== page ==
2. Rum, Sodomy and The Lash by  The Pogues (1985)

Pogues’ fans argue about which album is there best and I believe its this very raw, very powerful, and very good collection. It feature Cait O’Riordan’s only lead vocal performance on (ironically) “I’m A Man You Don’t Meet Everyday,” a beautifully haunting song. “Sally MacLennane,” and “A Pair of Brown Eyes” are a couple of other Pogues standards on this all around excellent album.

1.  Tanglewood Tree by Dave Carter and Tracy Grammer

The folk duo’s masterpiece includes  the brilliant lyrics and music of Dave Carter with Grammer on vocals and fiddle on songs such as “Tanglewood Tree,” “The Mountain,” and “Cowboy Singer.”  Ten years have gone by and I’m still wowed by this album.

Next week:  Some honorable mentions that did not crack the Top 100 although many were deserving.

100 Favorite Albums of All-Time 20-11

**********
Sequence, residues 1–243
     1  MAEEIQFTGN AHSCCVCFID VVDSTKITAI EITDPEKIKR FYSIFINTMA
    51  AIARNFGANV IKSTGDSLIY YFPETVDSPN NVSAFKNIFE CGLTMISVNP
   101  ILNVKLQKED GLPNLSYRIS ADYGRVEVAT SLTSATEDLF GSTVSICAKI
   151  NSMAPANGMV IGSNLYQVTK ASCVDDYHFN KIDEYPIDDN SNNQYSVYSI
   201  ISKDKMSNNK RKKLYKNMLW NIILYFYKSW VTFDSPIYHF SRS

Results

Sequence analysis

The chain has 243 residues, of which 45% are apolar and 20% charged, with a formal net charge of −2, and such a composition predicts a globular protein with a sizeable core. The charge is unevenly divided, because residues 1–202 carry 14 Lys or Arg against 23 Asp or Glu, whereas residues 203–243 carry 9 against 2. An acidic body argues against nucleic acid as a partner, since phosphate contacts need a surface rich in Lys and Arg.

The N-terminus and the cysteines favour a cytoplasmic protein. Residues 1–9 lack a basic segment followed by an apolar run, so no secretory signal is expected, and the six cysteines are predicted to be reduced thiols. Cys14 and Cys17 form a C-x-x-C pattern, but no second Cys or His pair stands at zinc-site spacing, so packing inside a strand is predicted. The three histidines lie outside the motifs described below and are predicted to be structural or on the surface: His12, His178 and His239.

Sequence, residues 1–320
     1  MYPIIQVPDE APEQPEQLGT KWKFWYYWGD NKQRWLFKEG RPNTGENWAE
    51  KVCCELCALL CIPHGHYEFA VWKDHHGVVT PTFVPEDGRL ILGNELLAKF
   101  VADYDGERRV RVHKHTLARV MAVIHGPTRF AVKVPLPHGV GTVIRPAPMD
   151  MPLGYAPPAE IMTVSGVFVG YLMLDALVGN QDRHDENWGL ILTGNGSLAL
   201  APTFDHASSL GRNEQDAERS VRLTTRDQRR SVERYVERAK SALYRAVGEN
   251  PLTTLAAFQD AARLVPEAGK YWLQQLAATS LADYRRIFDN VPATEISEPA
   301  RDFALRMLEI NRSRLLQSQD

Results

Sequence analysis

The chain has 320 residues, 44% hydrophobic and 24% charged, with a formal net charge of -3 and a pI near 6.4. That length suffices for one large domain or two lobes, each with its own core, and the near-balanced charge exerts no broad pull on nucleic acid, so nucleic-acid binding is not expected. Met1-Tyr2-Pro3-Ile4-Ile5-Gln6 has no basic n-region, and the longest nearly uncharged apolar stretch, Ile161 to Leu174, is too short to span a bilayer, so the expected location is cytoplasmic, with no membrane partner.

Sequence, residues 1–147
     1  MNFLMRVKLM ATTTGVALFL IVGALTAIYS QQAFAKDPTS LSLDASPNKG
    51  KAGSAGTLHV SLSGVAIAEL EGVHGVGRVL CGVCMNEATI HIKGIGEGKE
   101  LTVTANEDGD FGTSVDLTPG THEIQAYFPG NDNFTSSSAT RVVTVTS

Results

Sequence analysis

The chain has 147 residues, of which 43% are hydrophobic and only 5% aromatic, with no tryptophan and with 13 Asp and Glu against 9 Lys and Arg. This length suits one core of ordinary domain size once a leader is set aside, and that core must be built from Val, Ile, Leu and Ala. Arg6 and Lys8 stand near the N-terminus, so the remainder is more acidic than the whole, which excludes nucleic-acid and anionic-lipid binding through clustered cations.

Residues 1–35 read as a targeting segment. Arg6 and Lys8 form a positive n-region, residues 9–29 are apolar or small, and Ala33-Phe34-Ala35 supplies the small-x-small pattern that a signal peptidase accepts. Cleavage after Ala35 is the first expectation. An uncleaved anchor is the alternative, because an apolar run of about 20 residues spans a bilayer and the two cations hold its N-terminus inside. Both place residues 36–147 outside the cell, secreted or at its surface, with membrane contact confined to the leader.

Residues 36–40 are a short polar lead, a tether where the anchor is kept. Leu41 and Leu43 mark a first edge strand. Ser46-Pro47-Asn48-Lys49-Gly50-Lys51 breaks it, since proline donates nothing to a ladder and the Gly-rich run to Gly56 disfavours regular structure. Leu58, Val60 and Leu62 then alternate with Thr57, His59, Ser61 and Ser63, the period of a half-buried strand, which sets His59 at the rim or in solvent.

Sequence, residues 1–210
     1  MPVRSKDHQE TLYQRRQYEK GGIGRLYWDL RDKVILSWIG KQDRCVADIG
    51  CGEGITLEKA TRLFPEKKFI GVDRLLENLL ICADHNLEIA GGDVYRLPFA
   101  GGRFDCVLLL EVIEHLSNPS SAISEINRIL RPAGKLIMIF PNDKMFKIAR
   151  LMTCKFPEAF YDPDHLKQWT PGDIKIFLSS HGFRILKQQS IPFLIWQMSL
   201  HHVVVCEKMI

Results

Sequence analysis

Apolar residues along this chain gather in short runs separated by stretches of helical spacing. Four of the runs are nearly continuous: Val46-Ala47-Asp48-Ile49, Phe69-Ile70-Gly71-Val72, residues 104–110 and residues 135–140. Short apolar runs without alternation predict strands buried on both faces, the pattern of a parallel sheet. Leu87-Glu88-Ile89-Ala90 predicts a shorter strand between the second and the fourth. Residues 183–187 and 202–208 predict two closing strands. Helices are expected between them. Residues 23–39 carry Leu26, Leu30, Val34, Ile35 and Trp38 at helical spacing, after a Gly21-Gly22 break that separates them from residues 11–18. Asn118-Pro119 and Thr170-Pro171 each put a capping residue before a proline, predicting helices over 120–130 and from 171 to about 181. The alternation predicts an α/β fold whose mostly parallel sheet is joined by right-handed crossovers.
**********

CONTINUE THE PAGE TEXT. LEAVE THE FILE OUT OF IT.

Previously:

20. Graceland by Paul Simon (1986)

Simon’s solo masterpiece is great for integrating “world music” and some of the most well-thought-out lyrics ever written.  Highlights include “Diamonds On The Soles of Her Shoes,” “Homeless,” “I Know What I Know,” and the title track.

19. Singalong by Pete Seeger (1980)

Pete Seeger and thousands of voices in Cambridge’s Sanders Theater sing the great folk songs of a generation.  Seeger is not really about recordings, but I find this recorded Pete at his best virtually bringing you the concert experience.  Favorites include “If I Had A Hammer,” “The Water is Wide,”  “Old Devil Time,” and many more.

18. London Calling by The Clash (1979)

This may be the first time that Pete Seeger and The Clash appear in a list next to one another, but they share a certain passion and do-it-yourself ethic, so why not.  I’m not the first one to extol the greatness of London Calling so I’ll just tell you my favorite songs are “Lost in the Supermarket,” “Rudie Can’t Fail,” “Guns of Brixton,” “The Right Profile,” the title song and the rest of the whole album.

17. I Can Hear the Heart Beating As One by Yo La Tengo (1997)